Orange zest, warm spices, vanilla bean, and brandy flavor this silky vanilla pudding for an easy and elegant winter dessert.
spiced vanilla pudding celebrates the flavors and aromas of winter
The other day I was making a simple orange and clove simple syrup for cocktails and was so intoxicated by the aroma that I knew I had to find a way to incorporate those flavors into some kind of dessert. Infusing spices and citrus peel in cream is a great way to build flavor, and so I considered a creme brûlée, an ice cream, or a panna cotta, but settled on pudding because it’s just so easy to make but doesn’t sacrifice on that luxurious mouthfeel.
what you’ll need
- egg yolks
- orange peel
- whole spices: clove, cinnamon, anise, allspice, vanilla bean
how to infuse flavors into cream
The flavor in this pudding is built by infusing whole spices and orange peel into heavy cream. It’s super simple to do, and works well for lots of different flavors, from the delicate florals in my grapefruit blossom pot de creme to dried mushrooms that make my favorite homemade cream of mushroom soup for a classic green bean casserole.
- heat the cream in a small saucepan until just starting to simmer.
- remove from the heat and add your spices and citrus peel, cover the saucepan
- allow to sit at room temperature until fully cooled, or about 20 or 30 minutes (you can taste the cream to see if the flavor is strong enough for you, and leave it longer to infuse more if you’d like)
- strain the spices out of the cream and use it in your recipe
how to serve winter spice pudding
- You can serve this pudding either warm or chilled. I happen to like it warm, but it works equally well cold from the fridge, and is much easier to prep ahead that way.
- Pour the warm pudding into your serving containers and let them cool in the fridge until ready to serve. Top with the brandied whipped cream and orange zest garnish just before serving. Small mason jars, cocktail glasses, or teacups all work great for serving individual portions of pudding.
- You can also chill the pudding in a larger container and spoon it into your serving containers when you are ready to eat.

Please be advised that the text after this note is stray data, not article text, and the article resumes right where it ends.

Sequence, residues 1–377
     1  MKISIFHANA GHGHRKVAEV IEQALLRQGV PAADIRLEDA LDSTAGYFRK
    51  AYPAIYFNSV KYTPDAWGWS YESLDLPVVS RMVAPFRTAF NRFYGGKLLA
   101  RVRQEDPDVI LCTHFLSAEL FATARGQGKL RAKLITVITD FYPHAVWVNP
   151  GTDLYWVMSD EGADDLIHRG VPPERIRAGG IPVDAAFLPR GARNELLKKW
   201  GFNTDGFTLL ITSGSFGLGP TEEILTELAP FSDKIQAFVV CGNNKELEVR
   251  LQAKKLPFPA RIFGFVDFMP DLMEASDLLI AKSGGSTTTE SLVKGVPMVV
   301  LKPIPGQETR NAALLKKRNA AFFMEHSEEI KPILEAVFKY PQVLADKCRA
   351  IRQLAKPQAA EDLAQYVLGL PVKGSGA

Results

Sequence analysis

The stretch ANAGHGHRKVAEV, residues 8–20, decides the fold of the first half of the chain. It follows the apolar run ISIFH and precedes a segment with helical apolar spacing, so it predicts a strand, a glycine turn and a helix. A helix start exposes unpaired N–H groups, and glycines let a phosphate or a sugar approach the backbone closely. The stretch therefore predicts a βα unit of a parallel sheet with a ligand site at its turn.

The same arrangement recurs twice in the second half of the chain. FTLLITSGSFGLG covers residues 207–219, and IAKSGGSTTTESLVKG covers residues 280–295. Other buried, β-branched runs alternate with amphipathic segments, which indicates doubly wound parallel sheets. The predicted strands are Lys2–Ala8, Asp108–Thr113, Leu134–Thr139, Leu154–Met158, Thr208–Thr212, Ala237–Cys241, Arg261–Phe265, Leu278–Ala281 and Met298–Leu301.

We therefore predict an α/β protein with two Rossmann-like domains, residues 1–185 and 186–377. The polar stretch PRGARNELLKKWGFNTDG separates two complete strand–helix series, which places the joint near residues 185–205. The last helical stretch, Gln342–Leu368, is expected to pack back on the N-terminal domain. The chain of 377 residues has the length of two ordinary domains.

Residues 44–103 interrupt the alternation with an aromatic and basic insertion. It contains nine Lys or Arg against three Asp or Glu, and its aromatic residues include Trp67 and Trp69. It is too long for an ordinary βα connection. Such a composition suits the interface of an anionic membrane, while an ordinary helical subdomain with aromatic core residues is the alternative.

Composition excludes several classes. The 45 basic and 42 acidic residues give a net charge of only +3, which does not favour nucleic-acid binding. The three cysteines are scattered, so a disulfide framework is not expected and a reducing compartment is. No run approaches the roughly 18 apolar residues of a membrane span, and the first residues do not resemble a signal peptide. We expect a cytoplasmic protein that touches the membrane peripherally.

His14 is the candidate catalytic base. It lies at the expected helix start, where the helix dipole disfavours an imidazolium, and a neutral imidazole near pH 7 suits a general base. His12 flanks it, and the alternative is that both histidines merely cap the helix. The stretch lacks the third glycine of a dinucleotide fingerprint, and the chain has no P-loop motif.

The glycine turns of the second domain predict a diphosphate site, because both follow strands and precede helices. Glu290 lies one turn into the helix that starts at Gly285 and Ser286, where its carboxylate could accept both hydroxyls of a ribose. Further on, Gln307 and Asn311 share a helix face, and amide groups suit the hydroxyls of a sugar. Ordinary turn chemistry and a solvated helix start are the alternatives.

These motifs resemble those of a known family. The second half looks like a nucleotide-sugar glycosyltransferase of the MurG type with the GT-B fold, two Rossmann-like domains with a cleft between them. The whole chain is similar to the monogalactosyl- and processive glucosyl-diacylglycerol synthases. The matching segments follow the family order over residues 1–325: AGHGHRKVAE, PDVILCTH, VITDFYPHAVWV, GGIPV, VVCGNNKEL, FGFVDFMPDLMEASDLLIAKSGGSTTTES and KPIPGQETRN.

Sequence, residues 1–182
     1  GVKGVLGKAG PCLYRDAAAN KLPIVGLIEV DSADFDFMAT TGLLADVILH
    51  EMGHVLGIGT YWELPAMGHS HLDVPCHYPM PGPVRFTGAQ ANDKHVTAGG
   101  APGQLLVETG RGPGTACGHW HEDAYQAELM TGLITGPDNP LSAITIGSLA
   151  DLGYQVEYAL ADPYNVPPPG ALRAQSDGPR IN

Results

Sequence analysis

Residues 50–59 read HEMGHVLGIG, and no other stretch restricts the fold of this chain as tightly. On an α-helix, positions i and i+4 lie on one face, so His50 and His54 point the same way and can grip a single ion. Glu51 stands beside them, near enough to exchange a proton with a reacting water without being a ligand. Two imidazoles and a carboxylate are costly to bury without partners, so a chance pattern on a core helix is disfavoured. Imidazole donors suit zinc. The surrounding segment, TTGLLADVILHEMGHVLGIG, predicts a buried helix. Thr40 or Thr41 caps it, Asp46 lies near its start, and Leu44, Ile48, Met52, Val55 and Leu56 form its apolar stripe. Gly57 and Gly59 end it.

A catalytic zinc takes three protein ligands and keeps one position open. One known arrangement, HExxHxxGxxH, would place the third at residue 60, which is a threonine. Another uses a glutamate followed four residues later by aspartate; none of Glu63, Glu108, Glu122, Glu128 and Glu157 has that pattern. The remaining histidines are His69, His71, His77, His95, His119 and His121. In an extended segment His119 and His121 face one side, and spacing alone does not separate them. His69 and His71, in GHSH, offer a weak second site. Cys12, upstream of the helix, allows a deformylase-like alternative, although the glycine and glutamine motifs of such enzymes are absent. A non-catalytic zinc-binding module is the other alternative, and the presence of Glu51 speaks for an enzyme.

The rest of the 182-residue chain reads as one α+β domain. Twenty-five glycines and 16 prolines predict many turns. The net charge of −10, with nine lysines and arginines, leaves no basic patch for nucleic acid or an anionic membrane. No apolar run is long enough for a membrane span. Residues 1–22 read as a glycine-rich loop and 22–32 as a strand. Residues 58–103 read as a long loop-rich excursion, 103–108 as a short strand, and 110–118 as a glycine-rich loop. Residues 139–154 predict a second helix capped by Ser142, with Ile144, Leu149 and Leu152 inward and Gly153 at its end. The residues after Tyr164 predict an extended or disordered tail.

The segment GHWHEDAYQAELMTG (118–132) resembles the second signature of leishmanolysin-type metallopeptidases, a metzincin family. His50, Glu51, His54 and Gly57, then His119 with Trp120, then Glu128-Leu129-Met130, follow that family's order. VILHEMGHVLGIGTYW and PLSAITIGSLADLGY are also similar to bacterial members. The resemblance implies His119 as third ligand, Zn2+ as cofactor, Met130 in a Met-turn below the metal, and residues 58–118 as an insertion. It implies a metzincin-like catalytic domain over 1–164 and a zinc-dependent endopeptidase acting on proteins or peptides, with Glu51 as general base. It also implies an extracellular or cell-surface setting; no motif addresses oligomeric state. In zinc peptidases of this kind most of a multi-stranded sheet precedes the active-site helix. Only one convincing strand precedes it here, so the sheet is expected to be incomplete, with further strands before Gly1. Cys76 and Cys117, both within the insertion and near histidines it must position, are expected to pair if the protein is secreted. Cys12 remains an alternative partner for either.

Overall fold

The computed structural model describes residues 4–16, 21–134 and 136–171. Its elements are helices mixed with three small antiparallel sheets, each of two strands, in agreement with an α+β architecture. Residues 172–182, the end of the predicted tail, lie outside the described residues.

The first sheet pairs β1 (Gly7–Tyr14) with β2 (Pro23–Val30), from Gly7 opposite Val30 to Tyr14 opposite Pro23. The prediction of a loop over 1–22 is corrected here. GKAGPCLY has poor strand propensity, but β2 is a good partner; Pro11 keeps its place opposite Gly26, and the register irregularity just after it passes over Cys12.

pudding might just be the perfect dessert
- Old Fashioned Butterscotch Pudding
- Perfect Chocolate Pudding
- Kentucky Bourbon Vanilla Bean Pudding
- Coffee Pudding
- Peanut Butter Pudding
- Meyer Lemon Pudding
Winter Spice Vanilla Pudding
for the pudding
- 1 cup heavy whipping cream
- peel of 1 orange
- 6 whole cloves
- 1 whole cinnamon stick
- 2 anise pods
- 4 allspice berries
- 1/2 cup granulated sugar
- 3 Tbsp cornstarch
- 1/8 tsp salt
- 3 egg yolks
- 1 cup whole milk
- 2 Tbsp unsalted butter, softened
- 2 tsp vanilla bean paste (or extract)
- 2 tsp brandy, or bourbon
for the brandied whipped cream (optional)
- 2/3 cup heavy whipping cream
- 2 tsp powdered sugar
- pinch salt
- 1 tsp brandy
for the pudding
- Start by infusing the cream with the spices. In a small saucepan, combine the heavy cream, orange peel, cloves, cinnamon stick, anise pods, and allspice berries. Bring to a simmer, and then immediately remove from the heat and allow to cool to room temperature (about 20-30 minutes).
- Meanwhile, in a medium, heavy-bottomed saucepan, whisk together the sugar, cornstarch, and salt. Add the egg yolks and whisk until smooth. Then add the milk, a little at a time, whisking until everything is smooth.
- When the infused cream has cooled, strain it directly into the saucepan with the milk mixture, whisking everything together.
- Set the mixture over medium-low heat and cook, stirring constantly, until the pudding just begins to come to a boil. I like to switch between a whisk and a silicone spatula while I'm cooking pudding to make sure I'm scraping everything off the bottom of the pan so it cooks evenly.
- Once you see that first bubble, remove from the heat and strain the pudding into a bowl to catch any lumps. Whisk in the butter, vanilla paste, and brandy. Pour into your serving containers. Serve it warm, at room temperature, or chilled.
for the brandied whipped cream
- With electric beaters, or a whisk, whip the cream, salt, and powdered sugar until soft peaks form. Whisk in the brandy, to taste. Serve a dollop on top of the cooled pudding.
- Lower the fat content by using all whole milk.
Questions and Reviews
On the subject of desserts…have you ever made “dyschful of snowe”? We attended a presentation at the Getty about foods during Henry VII times
A 14/15th century English dessert. So much fun. It’s the whipped cream that’s extra special made with egg whites and rosewater (the snowe!) I baked apples and made rosemary shortbread cookies. It’s very fun. Happy NY. And this is one if the best sites. I make many of your recipes always well received!
Thanks DonnaMarie, Happy New Year! I would have loved to have been at that presentation, what fun. I’d love to do an ‘historical desserts’ series sometime 🙂